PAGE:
State’s ex-pot regulators, pols are cashing in on the exploding industry. A proposed crackdown won’t stop all of them.

With lawmakers and former regulators benefiting off legal cannabis, state Rep. Marty Moylan has introduced legislation that would prevent some public officials from profiting directly.

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Ericka Hogan, cultivation manager at Illinois Grown Medicine, spreads medical marijuana branches to allow light penetration for proper flower development in the cultivation center’s flowering room in Elk Grove Village, Monday morning, May 6, 2019.

A year after recreational pot sales kicked off in Illinois, legalization has been a boon for the few multimillion-dollar companies granted permission to grow and sell weed and a windfall for local and state governments strapped for cash.

But it’s also been a jackpot for a host of former cannabis regulators who are now cashing in on Illinois’ “green rush.”

On top of that, two sponsors of the law that legalized recreational cannabis are also benefiting from the pot industry — albeit through connections to firms operating in other states.

State Rep. Marty Moylan (D-Des Plaines) has now introduced legislation that would strengthen conflict of interest provisions in the legalization law that aim to prevent lawmakers, regulators and their families from profiting off the industry.

“For far too long in Illinois we have seen public officials abuse the public trust for their own benefit. It is time we enact much stronger ethics laws, especially concerning the growing cannabis industry where a lot of money is now flowing,” Moylan, a staunch critic of the legalization effort, said in a statement announcing the bill last month.

State Rep. Marty Moylan of Des Plaines has introduced a bill to require ban the sale and ownership of easy-to-build guns.| Rich Hein/Sun-Times file

State Rep. Marty Moylan of Des Plaines

Rich Hein/Sun-Times

A conflict of interest ban was added to the recreational pot legislation after it was reported that state Sen. Patricia Van Pelt (D-Chicago) was holding cannabis-related seminars and leading a company that intended to obtain licenses to grow and sell marijuana. Van Pelt was ultimately removed as a sponsor of the legislation and abstained from voting, but her involvement in the business sparked an investigation by the Illinois Secretary of State’s office that’s ongoing.

Legislators, pot regulators and their family members currently face restrictions if they worked for the state during a two-year period stretching back to the law’s effective date in June 2019. Those individuals are barred from applying for or holding licenses created under the law and they can’t have an interest in a licensed company unless it’s a passive investment in a publicly traded firm.

Moylan’s bill goes a step further and would block those same individuals from accepting employment with a licensed company and passively investing in one.

But the plan does little to rein in those already profiting.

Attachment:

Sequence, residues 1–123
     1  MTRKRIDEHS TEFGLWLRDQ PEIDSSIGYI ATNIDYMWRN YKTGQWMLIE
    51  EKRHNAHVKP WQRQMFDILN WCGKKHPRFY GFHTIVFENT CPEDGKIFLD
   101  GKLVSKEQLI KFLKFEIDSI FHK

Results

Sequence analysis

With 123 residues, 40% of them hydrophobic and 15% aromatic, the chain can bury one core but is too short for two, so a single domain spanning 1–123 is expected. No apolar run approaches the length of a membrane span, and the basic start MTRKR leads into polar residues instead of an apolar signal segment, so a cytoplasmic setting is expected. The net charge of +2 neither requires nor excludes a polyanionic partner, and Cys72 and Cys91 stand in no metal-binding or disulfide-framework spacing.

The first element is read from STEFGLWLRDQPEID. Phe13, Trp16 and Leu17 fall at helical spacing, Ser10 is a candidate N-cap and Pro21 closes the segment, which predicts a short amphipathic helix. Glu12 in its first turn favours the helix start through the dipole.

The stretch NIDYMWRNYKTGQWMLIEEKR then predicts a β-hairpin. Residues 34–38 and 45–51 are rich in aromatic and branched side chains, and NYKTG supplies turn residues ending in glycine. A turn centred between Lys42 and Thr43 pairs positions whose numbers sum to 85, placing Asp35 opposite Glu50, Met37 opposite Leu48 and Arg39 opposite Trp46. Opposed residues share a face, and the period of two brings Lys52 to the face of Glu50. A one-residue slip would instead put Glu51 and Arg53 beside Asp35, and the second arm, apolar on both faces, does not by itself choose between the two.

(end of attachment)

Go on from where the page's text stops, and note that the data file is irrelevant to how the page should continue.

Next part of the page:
That’s because many ex-regulators worked for the state before recreational pot was legalized and weren’t involved in doling out the new licenses. Some are further dodging scrutiny by doing legal and consulting work and teaming with firms operating outside Illinois.

Former Ald. Dick Simpson (44th), now a professor of political science at the University of Illinois at Chicago, said it’s “a good idea something is being introduced,” though he favors “more sweeping prohibitions” to curtail potentially unethical behavior.

“Any time you have people using the special knowledge they’ve gained as part of government to increase their private income, that opens up the area of potential conflicts that in their worst form become corruption,” noted Simpson.


Moylan’s bill appears to target Candace Gingrich, the spouse of state Rep. Kelly Cassidy, a Chicago Democrat who led the effort to legalize recreational marijuana.

Just a month after Gov. J.B. Pritzker signed that law, Gingrich was announced as the vice president of business development for Revolution Florida, a “sister company” to the Streeterville-based pot firm Revolution Global. Because Revolution already earned a license to grow recreational pot in Illinois, Moylan believes Gingrich should be barred from working for its Florida subsidiary.


State Rep. Kelly Cassidy and spouse Candace Gingrich.


Since 2017, Cassidy has pulled in at least $15,550 in campaign contributions from individuals and entities tied to Illinois’ legal cannabis industry. That includes $4,000 from Revolution and its former chief executive.

Cassidy didn’t respond to requests for comment on the bill, though she previously denied her spouse’s work in the industry poses a conflict.

Moylan’s measure wouldn’t affect state Rep. Bob Morgan, another pro-pot lawmaker from Deerfield.

In 2015, Morgan bounced from serving as the first statewide coordinator of the medical cannabis program to representing some of the state’s largest pot firms. Then in 2019, he took office and sponsored laws that fully legalized the drug and made the state’s medical program permanent, along with Cassidy.

Illinois state Rep. Bob Morgan, 58th District

State Rep. Bob Morgan of Deerfield

Rich Hein/Sun-Times